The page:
Welcome to Dorothy Smith one of our team of Osteopaths, who shares her training and experiences at the highly thought of Osteopathic Centre for Children. David Tatton
I first became interested in Paediatric Osteopathy when as an undergraduate I attended an outreach clinic based in a children’s centre in Southwark - one of the many satellite clinics associated with the British School of Osteopathy.
Like many people, my first thought was ‘what sort of children need osteopathy?’. I soon realised that the reasons parents brought their children to an osteopath were as varied as the reasons adult patients visited their osteopath but, essentially, the parents perceived their child to be in discomfort or distress, which they hoped could be helped by osteopathic treatment. This might have been manifested as difficulties with feeding, winding or sleeping in babies, or in postural development or behaviour in young children.
I was impressed to see how gentle osteopathic treatment was carried out on the musculoskeletal tissues of the body, addressing areas of tension or strain and giving the child a noticeably greater sense of ease in his or her body. I was so inspired by this experience that I decided to build on my training by undertaking a two year post-graduate Diploma in Paediatric Osteopathy at the internationally renowned Osteopathic Centre for Children here in London. The Centre was established 25 years ago, drawing students from around the world, and is the only organisation which offers such a high level of education in osteopathic paediatric care.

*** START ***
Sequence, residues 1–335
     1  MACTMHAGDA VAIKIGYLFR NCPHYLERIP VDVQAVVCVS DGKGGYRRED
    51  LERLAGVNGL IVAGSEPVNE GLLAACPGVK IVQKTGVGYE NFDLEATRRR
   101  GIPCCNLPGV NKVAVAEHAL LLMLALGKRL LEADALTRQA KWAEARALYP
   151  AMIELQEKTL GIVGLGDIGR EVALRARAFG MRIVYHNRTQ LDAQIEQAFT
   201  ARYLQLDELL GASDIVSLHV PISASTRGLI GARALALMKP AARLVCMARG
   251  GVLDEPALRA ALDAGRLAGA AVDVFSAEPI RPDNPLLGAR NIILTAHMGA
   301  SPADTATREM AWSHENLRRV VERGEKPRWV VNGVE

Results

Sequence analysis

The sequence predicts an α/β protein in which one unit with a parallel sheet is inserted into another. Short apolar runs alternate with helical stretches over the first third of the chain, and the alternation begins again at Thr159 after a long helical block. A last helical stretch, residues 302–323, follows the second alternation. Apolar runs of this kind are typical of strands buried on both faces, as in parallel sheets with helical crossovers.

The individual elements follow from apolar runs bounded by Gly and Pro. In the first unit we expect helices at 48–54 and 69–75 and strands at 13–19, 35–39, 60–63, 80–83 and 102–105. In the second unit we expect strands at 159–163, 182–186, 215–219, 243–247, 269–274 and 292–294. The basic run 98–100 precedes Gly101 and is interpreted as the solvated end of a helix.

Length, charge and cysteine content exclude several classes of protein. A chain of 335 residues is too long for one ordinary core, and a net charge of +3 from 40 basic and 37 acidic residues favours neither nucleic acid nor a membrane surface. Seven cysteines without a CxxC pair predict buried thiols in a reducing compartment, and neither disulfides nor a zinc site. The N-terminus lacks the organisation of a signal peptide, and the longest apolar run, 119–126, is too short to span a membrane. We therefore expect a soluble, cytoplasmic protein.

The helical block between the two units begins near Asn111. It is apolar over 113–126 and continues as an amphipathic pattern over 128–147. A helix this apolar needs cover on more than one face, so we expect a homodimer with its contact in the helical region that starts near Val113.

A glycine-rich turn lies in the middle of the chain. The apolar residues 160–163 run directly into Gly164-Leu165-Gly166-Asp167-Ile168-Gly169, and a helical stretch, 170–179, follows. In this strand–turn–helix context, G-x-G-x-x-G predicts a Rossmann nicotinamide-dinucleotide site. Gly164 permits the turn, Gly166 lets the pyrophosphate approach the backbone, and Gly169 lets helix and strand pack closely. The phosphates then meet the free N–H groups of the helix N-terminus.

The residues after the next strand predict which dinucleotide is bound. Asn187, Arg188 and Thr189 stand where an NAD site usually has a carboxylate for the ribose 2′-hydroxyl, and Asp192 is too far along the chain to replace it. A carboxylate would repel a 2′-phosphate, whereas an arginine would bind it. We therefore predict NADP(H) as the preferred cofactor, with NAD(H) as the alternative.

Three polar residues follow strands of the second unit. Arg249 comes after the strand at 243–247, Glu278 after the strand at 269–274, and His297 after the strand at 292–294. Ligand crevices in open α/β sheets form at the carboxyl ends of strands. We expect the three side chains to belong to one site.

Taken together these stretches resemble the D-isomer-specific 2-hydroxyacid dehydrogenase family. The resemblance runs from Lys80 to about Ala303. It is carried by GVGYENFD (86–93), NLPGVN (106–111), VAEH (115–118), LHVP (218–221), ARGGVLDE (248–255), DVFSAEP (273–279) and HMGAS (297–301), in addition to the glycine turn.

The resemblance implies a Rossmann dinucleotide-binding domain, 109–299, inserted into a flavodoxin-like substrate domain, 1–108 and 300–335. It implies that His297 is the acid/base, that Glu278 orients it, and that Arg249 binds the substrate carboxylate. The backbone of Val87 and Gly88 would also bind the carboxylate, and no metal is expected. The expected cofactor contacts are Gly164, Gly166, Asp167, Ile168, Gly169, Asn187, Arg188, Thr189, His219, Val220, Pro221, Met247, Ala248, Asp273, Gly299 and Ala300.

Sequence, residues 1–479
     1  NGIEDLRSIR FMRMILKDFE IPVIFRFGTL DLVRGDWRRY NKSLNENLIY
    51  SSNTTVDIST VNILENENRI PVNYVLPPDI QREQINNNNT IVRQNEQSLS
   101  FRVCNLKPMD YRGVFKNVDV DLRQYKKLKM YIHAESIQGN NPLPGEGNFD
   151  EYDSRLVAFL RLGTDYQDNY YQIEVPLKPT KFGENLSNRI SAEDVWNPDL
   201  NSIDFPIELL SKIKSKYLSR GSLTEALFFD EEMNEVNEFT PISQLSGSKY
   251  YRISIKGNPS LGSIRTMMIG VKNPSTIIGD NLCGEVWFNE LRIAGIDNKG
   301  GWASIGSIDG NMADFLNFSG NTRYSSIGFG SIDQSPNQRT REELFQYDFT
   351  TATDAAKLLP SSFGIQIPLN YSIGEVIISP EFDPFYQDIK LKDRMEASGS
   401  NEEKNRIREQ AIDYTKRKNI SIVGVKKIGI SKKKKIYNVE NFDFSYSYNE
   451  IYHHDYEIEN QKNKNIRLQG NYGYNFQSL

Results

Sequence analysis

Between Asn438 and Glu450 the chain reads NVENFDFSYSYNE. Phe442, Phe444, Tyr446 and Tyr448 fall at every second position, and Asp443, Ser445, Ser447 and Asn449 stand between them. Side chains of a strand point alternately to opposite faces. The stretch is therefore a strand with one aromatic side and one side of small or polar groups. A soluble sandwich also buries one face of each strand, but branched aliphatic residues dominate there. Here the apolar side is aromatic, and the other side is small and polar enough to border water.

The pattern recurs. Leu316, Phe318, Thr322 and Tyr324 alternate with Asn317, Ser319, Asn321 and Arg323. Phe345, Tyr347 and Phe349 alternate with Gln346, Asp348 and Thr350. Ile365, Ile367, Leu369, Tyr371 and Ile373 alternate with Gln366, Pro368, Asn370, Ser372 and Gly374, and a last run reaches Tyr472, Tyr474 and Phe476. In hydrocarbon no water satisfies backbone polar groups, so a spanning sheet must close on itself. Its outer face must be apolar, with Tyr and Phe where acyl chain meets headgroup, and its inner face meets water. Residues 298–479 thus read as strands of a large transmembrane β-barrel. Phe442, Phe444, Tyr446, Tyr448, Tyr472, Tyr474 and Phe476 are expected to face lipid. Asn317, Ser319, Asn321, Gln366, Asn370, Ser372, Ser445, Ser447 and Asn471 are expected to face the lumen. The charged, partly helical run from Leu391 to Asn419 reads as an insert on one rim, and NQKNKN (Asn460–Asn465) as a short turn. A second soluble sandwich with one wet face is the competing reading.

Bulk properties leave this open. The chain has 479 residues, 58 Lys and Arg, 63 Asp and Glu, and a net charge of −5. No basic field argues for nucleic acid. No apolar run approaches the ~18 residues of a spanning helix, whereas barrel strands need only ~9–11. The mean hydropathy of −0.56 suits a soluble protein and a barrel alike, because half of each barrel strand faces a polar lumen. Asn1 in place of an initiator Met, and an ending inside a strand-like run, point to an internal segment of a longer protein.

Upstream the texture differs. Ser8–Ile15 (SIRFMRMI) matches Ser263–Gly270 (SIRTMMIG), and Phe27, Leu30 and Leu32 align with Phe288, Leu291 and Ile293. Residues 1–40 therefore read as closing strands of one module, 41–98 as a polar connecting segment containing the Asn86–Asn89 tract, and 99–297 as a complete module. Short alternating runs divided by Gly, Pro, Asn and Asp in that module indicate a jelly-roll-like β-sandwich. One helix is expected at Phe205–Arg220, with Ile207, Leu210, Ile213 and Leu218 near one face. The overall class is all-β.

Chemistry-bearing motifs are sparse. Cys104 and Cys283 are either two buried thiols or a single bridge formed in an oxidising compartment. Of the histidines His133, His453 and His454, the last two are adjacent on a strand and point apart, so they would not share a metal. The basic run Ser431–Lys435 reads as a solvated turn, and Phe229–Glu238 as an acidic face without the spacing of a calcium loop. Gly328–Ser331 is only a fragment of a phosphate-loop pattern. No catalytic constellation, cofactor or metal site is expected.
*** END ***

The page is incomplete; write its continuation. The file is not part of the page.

Now in the final year of my studies, I have been volunteering at the centre one day per week for the last 18 months. I have treated many babies brought in by their parents because they are struggling to feed effectively, have difficulty with bowel movements or wind, or seem generally unsettled. As osteopaths, we take a detailed case history concerning the health of the baby, including the pregnancy and birth, and then perform a very gentle examination of the entire body to establish the state of overall health. Stresses or strains which may result from the dramatic transition to life in the outside world can be felt as physical tensions in the body and relieving these with very gentle treatment can be extremely helpful and relaxing for the baby.
At the other end of the spectrum I have seen school children and teenagers, many of whom have had musculo-skeletal aches and pains linked to this very active time of growth in their lives. It is really gratifying to be able to offer physical relief for their symptoms, as well as helping to educate them about posture and ways in which they can help themselves with exercise, stretching and healthy lifestyle choices.
The more I learn about paediatric care, and the more children I have the privilege to treat, the more passionate I find I become about what osteopaths can offer to this unique and very important patient group.
For info: http://occ.uk.com/